This post is sharing only a small portion of the discoveries we made of the San Luis Valley during our recent 5 week stay in Southwestern Colorado. To the east of the San Luis Valley is a portion of the Rockies, Sangre De Cristo Mountain Range. Blanca Peak is the highest peak of this mountain range, at 14,345 feet. Besides Blanca peak, there are more than 20 other peaks and 8 of them are also higher than 14,000 feet. The valley below these peaks holds a mighty view and a handful of history.
To the west is the wall of the San Juan Mountains. According to the www.museumtrail.org the San Luis Valley is slightly smaller than Massachusetts at approximately 125 X 65 miles and sits at an altitude of 7,500 – 81,00 feet. Making this one of the highest high deserts of the world. If we were to take a panoramic photo of the mountains surrounding us, I would have had to take close to 10 separate photos and tack them together to show the entire 360 degree view.
A few sights we took interest in or stumbled across were: The Rio Grande River, Great Sand Dunes, Pike Stockade, Ft Garland, The Cumbres & Toltec Railroad along with The Denver & Rio Grande Railroad.
We love history so, one day we set out to locate the church known to be the oldest church in Colorado. We found a burned structure on the way that happened to also have been a church in its time. The cemetery in the rear of the property had visitors while we roamed the remnants of the burned down building so we made our visit quite short and continued onto the church we were actually seeking.
We located Our Lady of Guadalupe church in Antonito and strolled around the brick building with history dating back to 1863. It was clear, the town of Antonito didn’t have much for us but it appeared visitors are common to the congregation that had recently been released from service and we felt quite welcome exploring the church building. The décor of the church is colorful and filled with great detail.
I found Ft Garland extremely interesting and will be posting a separate post about that visit.
Alamosa was a nice and quiet town with the exception of the college. 😊 Alamosa is the home of Adams State University founded in 1921. The school was originally a teacher’s college and today ASU has an approximate enrollment of 3,700 students and has recently gone through extensive renovations.
Other interesting pieces we located were the railroads. The Rio Grande Railroad came to Alamosa from Denver in the 1870’s and the Cumbres & Toltec Railroad was built in 1880. Both of these railroads provide scenic tours today. The Cumbres & Toltec Railroad runs from Antonito, Colorado to Chama, New Mexico. Although I have not yet experienced this scenic train ride myself, I have heard nothing but praises about the trip and plan to enjoy the scenic tour when possible. The Rio Grande railroad has many excursions and special events on its schedule too.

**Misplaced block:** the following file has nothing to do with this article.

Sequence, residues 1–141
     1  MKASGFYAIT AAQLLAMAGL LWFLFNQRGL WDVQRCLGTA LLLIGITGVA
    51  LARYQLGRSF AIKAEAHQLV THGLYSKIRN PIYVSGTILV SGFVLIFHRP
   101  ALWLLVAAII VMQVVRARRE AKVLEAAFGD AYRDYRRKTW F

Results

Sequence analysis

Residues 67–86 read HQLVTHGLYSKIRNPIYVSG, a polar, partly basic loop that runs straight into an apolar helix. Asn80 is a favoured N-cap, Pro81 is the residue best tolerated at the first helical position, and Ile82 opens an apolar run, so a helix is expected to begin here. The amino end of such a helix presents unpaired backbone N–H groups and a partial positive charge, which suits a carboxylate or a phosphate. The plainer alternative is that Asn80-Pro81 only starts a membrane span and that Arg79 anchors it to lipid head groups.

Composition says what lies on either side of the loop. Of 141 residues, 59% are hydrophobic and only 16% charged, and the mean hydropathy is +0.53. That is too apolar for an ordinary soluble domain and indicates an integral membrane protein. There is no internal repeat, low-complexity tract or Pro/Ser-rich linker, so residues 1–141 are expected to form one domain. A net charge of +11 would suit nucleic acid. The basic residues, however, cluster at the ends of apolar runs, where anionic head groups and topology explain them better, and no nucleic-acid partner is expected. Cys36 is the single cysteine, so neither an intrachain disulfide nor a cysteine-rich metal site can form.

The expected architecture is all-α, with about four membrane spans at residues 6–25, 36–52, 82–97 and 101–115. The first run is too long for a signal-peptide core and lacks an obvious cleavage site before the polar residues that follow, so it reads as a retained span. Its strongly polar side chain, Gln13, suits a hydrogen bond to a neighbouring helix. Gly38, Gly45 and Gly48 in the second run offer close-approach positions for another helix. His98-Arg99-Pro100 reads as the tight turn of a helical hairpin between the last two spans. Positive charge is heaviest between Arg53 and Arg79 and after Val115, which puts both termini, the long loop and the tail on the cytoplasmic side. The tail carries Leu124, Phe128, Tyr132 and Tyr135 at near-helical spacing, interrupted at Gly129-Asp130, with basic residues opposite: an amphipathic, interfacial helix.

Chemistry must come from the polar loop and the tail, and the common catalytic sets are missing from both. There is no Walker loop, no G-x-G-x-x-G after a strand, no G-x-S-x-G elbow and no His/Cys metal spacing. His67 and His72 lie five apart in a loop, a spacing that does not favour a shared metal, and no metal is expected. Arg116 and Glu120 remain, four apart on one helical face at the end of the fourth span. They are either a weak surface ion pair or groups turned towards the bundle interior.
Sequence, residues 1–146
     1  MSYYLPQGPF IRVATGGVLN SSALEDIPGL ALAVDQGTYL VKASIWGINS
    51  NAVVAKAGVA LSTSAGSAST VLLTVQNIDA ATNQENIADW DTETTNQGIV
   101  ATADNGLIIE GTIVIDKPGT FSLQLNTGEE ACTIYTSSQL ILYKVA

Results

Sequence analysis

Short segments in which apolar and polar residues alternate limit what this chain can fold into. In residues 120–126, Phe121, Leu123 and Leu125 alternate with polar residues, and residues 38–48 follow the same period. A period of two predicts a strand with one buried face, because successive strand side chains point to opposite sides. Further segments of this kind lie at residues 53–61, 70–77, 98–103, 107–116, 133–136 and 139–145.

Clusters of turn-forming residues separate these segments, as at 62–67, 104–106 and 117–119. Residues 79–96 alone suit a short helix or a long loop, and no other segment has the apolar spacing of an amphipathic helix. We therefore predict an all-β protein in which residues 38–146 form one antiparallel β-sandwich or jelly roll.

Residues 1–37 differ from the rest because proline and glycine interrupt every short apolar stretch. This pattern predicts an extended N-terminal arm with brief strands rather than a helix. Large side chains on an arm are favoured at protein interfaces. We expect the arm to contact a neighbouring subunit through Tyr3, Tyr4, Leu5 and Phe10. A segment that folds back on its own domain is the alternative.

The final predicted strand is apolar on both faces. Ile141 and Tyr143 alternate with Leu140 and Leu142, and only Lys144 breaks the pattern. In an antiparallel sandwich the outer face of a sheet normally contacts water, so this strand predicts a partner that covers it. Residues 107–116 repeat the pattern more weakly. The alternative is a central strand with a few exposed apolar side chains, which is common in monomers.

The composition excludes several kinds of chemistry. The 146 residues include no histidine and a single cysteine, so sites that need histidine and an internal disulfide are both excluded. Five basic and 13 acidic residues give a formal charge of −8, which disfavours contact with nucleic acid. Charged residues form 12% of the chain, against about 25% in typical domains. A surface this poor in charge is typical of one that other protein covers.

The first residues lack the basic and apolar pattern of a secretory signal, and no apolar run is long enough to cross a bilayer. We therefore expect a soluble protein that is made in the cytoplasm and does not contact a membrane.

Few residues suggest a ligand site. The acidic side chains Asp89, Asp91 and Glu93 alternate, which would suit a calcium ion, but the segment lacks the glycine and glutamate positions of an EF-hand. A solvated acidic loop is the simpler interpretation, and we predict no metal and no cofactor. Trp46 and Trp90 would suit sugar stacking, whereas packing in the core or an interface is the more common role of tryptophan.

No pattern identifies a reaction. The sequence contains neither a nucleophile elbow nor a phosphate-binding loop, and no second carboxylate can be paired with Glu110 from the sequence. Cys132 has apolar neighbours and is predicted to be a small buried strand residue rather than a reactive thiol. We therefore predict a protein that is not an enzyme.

The Pike Stockade was an interesting experience for me. I learned, Lt Zebulon Pike, the same Pike that Pike’s Peak is named after, led an U.S. Army expedition of the new southwest in 1806 – 1807. They crossed over the Sangre de Cristo Mountain Range and got caught in winter weather. Information is provided at the foothills of the Mountain range, near the Great Sand dunes indicating exactly where they crossed. While the replica of the stockade is miles south near the town of Sanford. After crossing the mountain range, the weather hindered some of the force while others were able to continue until he decided it would be best to build protection and wait out the winter. They were captured by Spanish authority’s and taken to Mexico. Pike was later released and died in action in Canada at the age of 34. You can see in the picture below, apparently a tree has fallen over the winter and has caused much damage.
Of course a little wildlife and old homes caught our attention throughout our time in the San Luis Valley.
I’m sure those homes could tell stories if they had voices.